I can’t recall having cubed steak growing up – I think the closest we ever came was one of my dad’s all-time favorites: hamburger gravy – so when Rich saw the packet in the market AND the dollar-off coupon attached, I knew I’d be looking on da Google for a way to wrangle these puppies.
My first search brought me all the usual suspects (cream o’ ‘shroom soup; cook until REALLY dead, stuff like that) plus an option or two that just sounded ‘off’ to me (cube steak parmesan?!?). Back to the keyboard.
Epicurious.com had this interesting solution from Mrs. Wilkes’ Boardinghouse Cookbook that had me at the Worcestershire marinade and the concern expressed by some reviewers that this was just too, too spicy (!).
Spicy, my great aunt Effie. I was surprised at how LITTLE tang this recipe delivered, to the point where Rich added salt to his at the table. Still, I would make this again – next time adding additional boiled onion (an interesting touch, I thought), some sautéed ‘shrooms, and maybe some Greek yogurt to turn it into a sort of healthy-ish stroganoff kind of thing. Oh, and maybe a dash or three of crushed red pepper and Cajun Power Garlic Sauce, just because.
Here’s the original recipe:
•3 pounds cubed steak
•Pinch of garlic powder
•Flour for dredging
•1/4 cup vegetable oil
•1/2 cup minced onion
•3-1/4 cup hot water
•3 tbsp flour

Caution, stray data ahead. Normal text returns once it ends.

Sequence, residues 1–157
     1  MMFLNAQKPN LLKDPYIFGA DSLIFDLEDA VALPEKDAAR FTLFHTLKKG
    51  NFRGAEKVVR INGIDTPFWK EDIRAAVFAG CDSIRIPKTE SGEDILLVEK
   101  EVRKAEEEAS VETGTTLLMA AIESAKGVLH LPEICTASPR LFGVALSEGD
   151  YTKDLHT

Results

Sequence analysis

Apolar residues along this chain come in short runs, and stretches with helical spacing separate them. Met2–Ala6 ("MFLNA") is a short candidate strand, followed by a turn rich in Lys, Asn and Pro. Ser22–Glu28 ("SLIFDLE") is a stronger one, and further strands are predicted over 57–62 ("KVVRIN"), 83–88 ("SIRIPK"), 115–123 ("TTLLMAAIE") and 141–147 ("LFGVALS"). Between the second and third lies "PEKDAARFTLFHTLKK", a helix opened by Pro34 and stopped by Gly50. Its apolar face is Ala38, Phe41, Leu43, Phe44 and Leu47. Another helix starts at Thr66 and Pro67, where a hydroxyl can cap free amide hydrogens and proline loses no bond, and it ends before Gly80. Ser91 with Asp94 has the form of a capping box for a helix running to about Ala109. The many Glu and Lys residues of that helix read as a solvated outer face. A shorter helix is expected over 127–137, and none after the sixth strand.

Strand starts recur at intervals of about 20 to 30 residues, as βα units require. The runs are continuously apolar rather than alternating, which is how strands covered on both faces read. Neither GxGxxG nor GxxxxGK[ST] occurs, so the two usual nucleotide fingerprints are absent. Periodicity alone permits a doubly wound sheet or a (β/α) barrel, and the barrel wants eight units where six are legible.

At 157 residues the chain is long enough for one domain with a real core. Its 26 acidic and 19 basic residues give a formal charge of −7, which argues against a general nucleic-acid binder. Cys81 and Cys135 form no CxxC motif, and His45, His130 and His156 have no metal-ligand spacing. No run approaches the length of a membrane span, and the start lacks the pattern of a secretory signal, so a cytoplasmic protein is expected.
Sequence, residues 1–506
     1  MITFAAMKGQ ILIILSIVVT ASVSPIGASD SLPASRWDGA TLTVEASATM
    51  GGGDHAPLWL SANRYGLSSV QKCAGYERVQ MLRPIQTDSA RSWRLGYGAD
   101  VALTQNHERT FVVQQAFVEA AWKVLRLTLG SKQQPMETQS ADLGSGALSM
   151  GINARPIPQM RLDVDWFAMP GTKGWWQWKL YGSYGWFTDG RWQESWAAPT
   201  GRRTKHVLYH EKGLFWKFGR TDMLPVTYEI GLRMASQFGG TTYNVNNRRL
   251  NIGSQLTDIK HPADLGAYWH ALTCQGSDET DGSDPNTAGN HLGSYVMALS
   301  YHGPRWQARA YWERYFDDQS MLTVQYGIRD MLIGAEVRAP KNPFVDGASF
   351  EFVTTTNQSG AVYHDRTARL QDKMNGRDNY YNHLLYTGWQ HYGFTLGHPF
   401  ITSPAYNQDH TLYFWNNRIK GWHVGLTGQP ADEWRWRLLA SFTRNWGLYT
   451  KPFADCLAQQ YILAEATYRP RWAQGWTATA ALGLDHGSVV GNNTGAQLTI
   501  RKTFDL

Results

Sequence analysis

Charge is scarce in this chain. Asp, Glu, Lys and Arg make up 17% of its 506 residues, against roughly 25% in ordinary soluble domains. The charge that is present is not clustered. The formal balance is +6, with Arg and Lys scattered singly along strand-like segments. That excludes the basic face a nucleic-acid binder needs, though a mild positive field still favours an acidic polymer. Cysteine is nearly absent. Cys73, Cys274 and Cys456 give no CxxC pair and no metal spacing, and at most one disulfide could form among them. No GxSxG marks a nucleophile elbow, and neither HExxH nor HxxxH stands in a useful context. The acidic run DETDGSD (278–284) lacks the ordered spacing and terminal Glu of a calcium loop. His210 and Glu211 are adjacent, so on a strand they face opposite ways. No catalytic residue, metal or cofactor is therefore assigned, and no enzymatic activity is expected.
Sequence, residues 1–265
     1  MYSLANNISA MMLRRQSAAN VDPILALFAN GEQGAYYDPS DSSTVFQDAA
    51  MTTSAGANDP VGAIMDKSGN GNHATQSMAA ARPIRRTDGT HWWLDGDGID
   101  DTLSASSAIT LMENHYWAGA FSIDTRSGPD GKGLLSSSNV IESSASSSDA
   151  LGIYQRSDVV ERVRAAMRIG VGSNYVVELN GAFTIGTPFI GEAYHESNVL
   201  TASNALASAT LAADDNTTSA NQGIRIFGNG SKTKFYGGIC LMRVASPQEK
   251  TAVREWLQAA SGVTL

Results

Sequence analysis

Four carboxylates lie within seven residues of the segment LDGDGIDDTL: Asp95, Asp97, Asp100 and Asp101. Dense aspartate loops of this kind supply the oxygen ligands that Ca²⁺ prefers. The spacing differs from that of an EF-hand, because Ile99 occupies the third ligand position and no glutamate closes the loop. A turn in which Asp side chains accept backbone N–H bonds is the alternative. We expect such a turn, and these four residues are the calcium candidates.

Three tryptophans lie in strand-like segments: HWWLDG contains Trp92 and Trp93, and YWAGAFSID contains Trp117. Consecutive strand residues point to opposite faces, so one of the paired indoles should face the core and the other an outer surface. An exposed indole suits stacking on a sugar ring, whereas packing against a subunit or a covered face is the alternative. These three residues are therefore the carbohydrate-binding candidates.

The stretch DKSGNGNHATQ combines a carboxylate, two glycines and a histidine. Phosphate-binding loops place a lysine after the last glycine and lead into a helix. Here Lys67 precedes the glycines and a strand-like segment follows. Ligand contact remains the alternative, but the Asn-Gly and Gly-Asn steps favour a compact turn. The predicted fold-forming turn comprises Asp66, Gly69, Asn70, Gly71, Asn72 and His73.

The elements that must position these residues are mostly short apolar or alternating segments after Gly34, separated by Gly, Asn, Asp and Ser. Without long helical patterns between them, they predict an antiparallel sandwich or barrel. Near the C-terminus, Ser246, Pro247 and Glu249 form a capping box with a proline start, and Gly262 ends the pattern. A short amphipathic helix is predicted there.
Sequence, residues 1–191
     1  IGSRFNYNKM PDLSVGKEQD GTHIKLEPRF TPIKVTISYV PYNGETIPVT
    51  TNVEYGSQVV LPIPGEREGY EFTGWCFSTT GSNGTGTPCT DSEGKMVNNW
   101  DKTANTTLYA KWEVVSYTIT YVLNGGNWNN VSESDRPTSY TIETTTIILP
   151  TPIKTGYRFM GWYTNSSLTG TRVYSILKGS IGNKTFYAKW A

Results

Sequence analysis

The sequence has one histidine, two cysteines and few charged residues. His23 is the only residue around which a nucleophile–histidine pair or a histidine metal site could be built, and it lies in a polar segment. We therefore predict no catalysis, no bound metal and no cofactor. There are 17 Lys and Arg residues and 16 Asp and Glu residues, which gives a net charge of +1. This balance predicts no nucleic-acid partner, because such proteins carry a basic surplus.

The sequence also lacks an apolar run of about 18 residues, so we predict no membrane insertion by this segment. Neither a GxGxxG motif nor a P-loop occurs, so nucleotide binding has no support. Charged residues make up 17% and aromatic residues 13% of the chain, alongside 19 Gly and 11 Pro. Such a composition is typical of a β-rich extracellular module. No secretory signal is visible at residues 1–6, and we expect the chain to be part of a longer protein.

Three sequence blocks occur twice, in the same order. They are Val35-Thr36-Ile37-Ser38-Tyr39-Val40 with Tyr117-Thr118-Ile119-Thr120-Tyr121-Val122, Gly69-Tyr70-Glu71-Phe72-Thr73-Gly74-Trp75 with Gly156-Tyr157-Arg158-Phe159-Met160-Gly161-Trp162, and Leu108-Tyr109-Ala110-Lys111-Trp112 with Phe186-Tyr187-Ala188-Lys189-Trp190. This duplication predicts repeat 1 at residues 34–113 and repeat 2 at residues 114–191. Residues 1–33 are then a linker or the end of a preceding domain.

Place the steak in a casserole dish and generously sprinkle with Worcestershire sauce. Cover and marinate overnight.
Boil the onion in 1/4 cup of water for five minutes in a small pot.
Remove steaks from the marinade and sprinkle generously with salt, pepper, and garlic powder. Dip the steak in flour and shake. Heat the oil and quickly fry the steak until brown, but don’t cook the inside too much. This is done by cooking both sides on high heat, turning quickly, and then reducing heat to low to finish cooking.
When finished cooking as many steaks as desired, leave about 3 tablespoons browned crumbs (not burned) and drippings from steak in skillet. Add the boiled onion and three tablespoons of flour. Stir until slightly browned. Slowly pour in the remaining 3 cups hot water as it thickens.
Season with salt and pepper to taste. The gravy may be served over rice or steaks.
I served ours over buttered noodles with poppy seeds, and a romaine salad on the side with Catalina dressing.
I’m also thinking that next time; I will brown the steaks and pull them from the pan, then make the gravy, return the steaks, cover and simmer on low for a good while to let all the flavors blend and the meat tenderize a bit.
Just a thought.